As the 20th anniversary of Sept. 11 approaches, and we are inundated with competing narratives about what should be remembered and learned from that day, it is important to take a moment and reflect on a few things.
Given the proximity of the anniversary to the completely avoidable disaster in Afghanistan, some will want to use the anniversary as a cudgel against the deeply flawed and cynical Biden administration. That is understandable. But it is a disservice to the men and women who had their lives taken – or who sacrificed their lives — on Sept. 11.
Some will want to use the anniversary to wave the flag. Some will want to use the anniversary to dredge up all of the nation’s deficiencies. The day and the heroism it called forth deserve better than the usual.
As you think about Sept. 11, take a moment to think about the people caught in that awful day. Think about the 3,000 dead, each of whom had other plans — some great, some trivial — for their lives as they went to work or boarded a plane that morning. In each instance, they had loved ones, friends and families who expected them home that evening, much as we all expect our loved ones to return home each evening.
In many instances, they would do heroic deeds.
Remember the police officers, firefighters, medics and others who went toward the World Trade Center as part of their everyday work helping people.
Think about those inside the towers who tried their best to help their fellow human beings – friends and strangers alike — escape from the inferno or make their last moments on this side of the divide as calm as possible.
Finally, remember all those who went to war in the wake of the attack. To those veterans who may be questioning whether it was all worth it, it is important to remember that nothing a politician does or can do will erase or disfigure what you accomplished. They don’t have that power, and you should not give it to them.
While the government may not have honored your service by leaving behind a safe and stable Afghanistan, many of your fellow citizens most certainly do honor your sacrifice.
There is an ocean between the federal government and the American people. Recently, Sen. John Barrasso, Wyoming Republican, said that he “had much more faith in the American people than … the president of the United States, right now.” His faith is well-placed. The federal government is mostly indifferent to sacrifice. The government takes little notice of the valor and daily courage of the nation’s citizens, even though such valor and courage is the sine qua non of our civilization.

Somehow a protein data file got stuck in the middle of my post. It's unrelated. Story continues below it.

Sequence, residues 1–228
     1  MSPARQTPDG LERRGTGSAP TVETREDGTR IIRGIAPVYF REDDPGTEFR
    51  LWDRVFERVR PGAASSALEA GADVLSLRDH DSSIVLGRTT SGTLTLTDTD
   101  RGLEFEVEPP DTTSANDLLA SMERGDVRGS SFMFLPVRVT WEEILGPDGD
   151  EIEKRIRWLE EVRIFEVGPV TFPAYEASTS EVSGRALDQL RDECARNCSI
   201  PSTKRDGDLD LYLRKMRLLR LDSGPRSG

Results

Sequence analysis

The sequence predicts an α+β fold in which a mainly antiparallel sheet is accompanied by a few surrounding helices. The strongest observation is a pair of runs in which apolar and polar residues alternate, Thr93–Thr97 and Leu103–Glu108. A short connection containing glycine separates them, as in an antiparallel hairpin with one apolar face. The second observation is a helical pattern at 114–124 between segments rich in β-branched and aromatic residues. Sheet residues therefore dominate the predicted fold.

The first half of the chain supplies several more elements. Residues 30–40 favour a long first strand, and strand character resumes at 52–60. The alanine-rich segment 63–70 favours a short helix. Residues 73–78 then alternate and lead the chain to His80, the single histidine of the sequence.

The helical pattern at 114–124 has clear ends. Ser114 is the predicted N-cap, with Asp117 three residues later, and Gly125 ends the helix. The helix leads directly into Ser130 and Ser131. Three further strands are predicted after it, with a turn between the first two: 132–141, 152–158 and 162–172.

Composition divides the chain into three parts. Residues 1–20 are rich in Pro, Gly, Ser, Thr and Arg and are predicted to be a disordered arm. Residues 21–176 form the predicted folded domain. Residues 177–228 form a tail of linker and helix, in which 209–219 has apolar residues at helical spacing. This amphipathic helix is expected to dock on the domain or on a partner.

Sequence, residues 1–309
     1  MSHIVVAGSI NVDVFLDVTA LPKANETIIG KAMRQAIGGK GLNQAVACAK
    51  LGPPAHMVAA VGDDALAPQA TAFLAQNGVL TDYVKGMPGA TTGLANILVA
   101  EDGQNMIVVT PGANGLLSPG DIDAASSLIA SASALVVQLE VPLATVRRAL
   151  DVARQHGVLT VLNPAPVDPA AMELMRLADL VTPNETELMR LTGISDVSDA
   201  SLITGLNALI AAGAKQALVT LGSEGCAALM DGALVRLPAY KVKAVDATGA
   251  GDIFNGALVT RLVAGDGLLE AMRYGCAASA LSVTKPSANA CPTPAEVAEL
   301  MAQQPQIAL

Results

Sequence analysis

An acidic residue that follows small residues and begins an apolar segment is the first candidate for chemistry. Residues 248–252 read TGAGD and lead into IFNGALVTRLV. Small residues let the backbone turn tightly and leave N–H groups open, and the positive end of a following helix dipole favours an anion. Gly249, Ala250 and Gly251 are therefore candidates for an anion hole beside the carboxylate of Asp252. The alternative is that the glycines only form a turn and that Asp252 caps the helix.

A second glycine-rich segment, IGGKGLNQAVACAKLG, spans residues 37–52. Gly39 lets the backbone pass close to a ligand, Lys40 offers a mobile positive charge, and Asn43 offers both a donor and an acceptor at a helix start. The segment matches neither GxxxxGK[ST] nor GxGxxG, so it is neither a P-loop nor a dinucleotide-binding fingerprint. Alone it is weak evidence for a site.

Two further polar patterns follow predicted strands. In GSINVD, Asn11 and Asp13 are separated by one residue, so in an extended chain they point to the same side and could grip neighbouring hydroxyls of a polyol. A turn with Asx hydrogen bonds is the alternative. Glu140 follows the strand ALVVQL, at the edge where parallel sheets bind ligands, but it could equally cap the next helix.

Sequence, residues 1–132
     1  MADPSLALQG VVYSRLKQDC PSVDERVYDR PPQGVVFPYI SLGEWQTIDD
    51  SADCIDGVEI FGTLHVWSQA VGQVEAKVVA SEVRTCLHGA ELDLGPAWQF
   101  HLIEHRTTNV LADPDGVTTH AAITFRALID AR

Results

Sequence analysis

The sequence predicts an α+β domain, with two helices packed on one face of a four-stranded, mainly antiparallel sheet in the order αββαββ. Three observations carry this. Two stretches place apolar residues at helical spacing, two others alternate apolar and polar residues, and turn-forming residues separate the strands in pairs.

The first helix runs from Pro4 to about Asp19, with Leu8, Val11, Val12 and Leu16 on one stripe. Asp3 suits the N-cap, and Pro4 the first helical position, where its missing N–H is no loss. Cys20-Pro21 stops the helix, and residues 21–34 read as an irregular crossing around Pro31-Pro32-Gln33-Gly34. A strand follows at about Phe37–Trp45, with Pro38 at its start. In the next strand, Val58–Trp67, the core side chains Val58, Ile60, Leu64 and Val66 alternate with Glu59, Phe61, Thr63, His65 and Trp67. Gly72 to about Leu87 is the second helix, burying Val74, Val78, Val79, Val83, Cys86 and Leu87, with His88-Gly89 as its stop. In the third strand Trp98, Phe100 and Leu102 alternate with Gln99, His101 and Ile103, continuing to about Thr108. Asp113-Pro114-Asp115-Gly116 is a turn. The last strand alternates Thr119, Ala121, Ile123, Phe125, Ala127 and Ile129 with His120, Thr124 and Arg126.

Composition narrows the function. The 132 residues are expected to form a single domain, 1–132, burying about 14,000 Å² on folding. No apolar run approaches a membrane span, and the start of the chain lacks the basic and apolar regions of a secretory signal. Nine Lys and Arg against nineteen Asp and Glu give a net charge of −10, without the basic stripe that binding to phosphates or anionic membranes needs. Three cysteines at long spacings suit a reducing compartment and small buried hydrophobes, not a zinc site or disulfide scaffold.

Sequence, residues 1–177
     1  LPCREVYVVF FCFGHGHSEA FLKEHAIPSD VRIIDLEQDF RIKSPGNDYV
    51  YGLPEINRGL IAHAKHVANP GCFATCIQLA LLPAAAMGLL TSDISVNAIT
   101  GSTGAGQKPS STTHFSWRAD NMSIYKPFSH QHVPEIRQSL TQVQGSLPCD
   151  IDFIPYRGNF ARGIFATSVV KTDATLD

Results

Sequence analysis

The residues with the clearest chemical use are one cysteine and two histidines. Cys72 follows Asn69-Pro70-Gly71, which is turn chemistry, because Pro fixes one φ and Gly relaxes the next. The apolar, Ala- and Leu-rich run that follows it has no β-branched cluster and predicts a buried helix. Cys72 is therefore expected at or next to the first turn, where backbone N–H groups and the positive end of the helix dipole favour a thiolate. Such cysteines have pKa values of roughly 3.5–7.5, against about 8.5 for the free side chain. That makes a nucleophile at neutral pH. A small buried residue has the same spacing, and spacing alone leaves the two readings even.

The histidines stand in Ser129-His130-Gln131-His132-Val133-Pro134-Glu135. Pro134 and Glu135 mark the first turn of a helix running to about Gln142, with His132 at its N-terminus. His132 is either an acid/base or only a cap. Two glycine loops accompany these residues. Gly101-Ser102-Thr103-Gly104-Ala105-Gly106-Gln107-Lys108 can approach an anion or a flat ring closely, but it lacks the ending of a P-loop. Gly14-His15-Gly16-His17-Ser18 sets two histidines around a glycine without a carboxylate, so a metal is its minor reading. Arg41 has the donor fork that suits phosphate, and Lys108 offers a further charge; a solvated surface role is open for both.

Thankfully, the American people understand this and have a deep, abiding and quiet respect for those who have and continue to serve.
To all those who have worn the uniform and to all of those who are considering it, please do not give up on the American experiment. This nation will not be rejuvenated, rebuilt and restored without the contributions of men and women like you. We need you more now than ever.
On this anniversary, all of us should remember that good men and women in each generation have to struggle and strive to preserve and extend all that has been gained. How else can one justify oneself to their children and grandchildren? For better or worse, this generation has been called to the great task of renewing the American spirit and American exceptionalism.
On Sept. 11, 2001, we had no way of knowing that the day would set in motion events that would send a succession of soldiers, sailors and Marines (including many of my relatives) to the Middle East. That parade of young people continues right up until today; a nephew is deployed out near Afghanistan.
The most important lesson of Sept. 11, 2001, is that history is made and happens to individuals. Each person is called upon in their own way to some portion of greatness. How and whether they respond is what makes nations rise and fall.
The 11 marines, one soldier and one Navy corpsman recently killed in Afghanistan responded to their call. Their sacrifice serves as a tangible and terrible reminder of the burden borne each day by people who wear the uniform – a burden shared by their families — and as a spur to each of us to respond to our own call.
• Michael McKenna, a columnist for The Washington Times, is the president of MWR Strategies. He was most recently a deputy assistant to President Trump and deputy director of the Office of Legislative Affairs at the White House.